Indoor plants are some of the best companions for the home or office. Not only do they add life to surrounding environment and are easy to care for, but they are also very good at filtering the air.
We know indoor plants are good at filtering air because NASA conducted a study in the 1970s to explain why people working in newly constructed or renovated buildings were getting sick. Having already worked with astronauts to find out what would happen if humans had to live in a small space for extended periods of time, NASA used plants to show that workers were suffering ailments as a result of not getting enough fresh air.
Eventually, the term “sick building syndrome” (SBS) was coined to explain the ailments people would experience if they spent too much time indoors and not breathing enough fresh air. But because many of us work indoors, we simply don’t get enough fresh air. But as the NASA study would show us, plants might help improve indoor air quality and alleviate some of the symptoms associate with SBS.
The Problem With Air Quality In Modern Buildings
Sick building syndrome is a modern ailment that affects people who live and work in modern buildings. These ailments are the result of exposure to chemicals from furniture and rugs, synthetic cleaning products, electronics and many other sources of indoor air pollution.
People with sick building syndrome might experience one or more of the following symptoms when spending time in indoor environments where those chemicals are present:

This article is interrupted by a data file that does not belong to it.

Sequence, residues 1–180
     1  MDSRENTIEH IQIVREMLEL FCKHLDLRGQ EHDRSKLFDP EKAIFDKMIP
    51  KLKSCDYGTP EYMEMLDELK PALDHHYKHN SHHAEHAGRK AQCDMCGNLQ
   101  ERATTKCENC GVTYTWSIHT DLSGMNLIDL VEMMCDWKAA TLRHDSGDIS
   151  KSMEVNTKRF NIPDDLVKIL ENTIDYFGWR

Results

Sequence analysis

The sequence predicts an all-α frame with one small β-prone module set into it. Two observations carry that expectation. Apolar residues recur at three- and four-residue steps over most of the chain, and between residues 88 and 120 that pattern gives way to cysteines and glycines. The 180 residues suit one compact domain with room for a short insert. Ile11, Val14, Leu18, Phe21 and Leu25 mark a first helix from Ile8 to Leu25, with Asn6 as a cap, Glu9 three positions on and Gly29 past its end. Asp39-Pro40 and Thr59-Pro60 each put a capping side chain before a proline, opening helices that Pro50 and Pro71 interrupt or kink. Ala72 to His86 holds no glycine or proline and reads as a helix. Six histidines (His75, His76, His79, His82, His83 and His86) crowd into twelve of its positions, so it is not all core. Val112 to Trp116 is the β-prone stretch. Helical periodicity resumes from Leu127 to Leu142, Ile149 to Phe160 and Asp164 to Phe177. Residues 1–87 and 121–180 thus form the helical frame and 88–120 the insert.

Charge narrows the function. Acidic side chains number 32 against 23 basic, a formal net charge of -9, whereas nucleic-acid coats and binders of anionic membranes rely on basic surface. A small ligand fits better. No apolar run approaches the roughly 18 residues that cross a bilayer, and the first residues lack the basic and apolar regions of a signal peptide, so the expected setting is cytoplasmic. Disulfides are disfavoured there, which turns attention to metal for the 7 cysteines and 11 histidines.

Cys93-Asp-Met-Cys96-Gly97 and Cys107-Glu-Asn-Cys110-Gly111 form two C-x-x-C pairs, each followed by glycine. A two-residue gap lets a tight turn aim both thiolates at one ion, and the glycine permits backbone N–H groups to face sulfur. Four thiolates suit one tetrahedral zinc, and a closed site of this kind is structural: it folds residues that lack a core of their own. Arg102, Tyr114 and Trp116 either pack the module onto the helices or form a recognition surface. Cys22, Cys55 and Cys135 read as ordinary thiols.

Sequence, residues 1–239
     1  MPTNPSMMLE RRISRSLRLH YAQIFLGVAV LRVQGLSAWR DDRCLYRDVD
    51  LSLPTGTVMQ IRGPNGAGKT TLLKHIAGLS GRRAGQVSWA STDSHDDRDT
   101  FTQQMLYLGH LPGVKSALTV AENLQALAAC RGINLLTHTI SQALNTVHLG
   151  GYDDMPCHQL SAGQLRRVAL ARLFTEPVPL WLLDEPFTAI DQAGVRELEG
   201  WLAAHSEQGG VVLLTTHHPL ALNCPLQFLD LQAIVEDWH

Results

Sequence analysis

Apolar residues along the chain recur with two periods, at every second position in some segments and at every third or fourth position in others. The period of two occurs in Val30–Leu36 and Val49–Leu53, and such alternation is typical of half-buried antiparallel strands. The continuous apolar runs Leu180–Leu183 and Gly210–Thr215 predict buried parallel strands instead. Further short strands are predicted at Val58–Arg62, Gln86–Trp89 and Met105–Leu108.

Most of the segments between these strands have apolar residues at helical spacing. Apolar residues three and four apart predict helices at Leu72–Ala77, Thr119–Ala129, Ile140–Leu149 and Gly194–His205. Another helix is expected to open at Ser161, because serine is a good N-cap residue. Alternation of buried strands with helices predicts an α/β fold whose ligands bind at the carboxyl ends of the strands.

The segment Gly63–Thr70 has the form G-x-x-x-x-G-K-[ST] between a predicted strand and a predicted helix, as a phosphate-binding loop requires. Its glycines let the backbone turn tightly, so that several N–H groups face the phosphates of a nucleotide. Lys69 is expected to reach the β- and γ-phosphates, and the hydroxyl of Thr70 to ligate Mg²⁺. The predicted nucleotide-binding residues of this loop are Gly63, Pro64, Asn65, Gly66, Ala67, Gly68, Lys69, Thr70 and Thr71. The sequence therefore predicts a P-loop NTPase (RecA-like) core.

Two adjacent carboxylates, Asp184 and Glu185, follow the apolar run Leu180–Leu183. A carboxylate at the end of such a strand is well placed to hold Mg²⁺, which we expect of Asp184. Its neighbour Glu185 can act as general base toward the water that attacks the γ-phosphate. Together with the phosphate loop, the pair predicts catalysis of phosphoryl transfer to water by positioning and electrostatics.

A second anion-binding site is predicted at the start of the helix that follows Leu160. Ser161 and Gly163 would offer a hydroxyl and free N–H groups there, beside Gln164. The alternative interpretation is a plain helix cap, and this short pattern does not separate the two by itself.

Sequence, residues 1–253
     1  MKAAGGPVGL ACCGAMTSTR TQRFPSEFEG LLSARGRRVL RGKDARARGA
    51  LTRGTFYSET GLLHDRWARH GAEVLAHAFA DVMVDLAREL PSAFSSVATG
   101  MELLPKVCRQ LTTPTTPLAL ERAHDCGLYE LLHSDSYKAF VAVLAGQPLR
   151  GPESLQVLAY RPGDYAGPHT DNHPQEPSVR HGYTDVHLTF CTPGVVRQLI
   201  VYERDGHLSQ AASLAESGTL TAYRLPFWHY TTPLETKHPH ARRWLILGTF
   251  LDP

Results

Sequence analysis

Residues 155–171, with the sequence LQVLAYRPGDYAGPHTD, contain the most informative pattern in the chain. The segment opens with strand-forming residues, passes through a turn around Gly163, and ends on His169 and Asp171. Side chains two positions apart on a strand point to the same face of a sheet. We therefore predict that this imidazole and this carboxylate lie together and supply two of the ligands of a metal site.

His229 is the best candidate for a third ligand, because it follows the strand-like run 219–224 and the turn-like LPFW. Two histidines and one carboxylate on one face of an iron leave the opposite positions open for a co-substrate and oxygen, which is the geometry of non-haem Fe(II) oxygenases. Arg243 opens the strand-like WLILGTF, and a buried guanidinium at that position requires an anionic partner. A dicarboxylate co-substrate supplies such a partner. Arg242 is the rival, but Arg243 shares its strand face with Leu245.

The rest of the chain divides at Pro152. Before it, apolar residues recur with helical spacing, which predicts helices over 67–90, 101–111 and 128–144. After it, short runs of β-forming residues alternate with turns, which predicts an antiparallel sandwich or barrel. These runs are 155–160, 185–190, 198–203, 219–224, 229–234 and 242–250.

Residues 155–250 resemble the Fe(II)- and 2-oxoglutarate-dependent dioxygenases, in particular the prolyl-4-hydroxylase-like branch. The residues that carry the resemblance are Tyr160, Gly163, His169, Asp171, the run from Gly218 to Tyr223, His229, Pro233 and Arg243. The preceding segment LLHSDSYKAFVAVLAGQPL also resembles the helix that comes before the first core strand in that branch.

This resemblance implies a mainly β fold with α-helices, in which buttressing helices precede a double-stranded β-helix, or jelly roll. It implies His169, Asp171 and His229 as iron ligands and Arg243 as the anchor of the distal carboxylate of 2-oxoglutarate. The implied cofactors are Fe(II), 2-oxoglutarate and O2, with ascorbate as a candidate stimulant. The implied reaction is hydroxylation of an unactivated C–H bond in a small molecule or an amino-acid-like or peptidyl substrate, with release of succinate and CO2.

- Eye, nose or throat irritation
- Dry cough
- Dry or itching skin
- Cold or flu-like symptoms
- Changes in mood or behavior
SBS became more prevalent in the 1970s as a push for energy efficiency saw modern construction techniques adding more insulation and limiting the exchange of conditioned indoor air with outdoor air. Unfortunately, the chemicals found in indoor air could no longer be exchanged with fresher outdoor air. So the people who spent time in these environments were being regularly exposed to this poor indoor air quality.
NASA Study Links Plants To Indoor Air Quality improvements
Just a few years earlier, NASA has been conducting research into sealed space habitats. To maintain the health of astronauts, NASA had to develop materials that promote the health of occupants, specifically during long stays outside of Earth’s atmosphere. As complaints about SBS grew, NASA was able to explain that these issues were likely attributed to off-gassing from building materials and furnishings.
The challenge was to come up with a solution. Having already recognized the relationship between plants and microorganisms such as humans, NASA conducted a study that would attempt to show that bringing plants into seal buildings would improve indoor air quality. In their conclusion, researchers stated:
Low-light-requiring houseplants, along with activated carbon plant filters, have demonstrated the potential for improving indoor air quality by removing trace organic pollutants from the air in energy-efficient buildings. This plant system is one of the most promising means of alleviating the sick building syndrome associated with many new, energy efficient buildings. The plant root-soil zone appears to be the most effective area for removing volatile organic chemicals. Therefore, maximizing air exposure to the plant root-soil area should be considered when placing plants in buildings for best air filtration.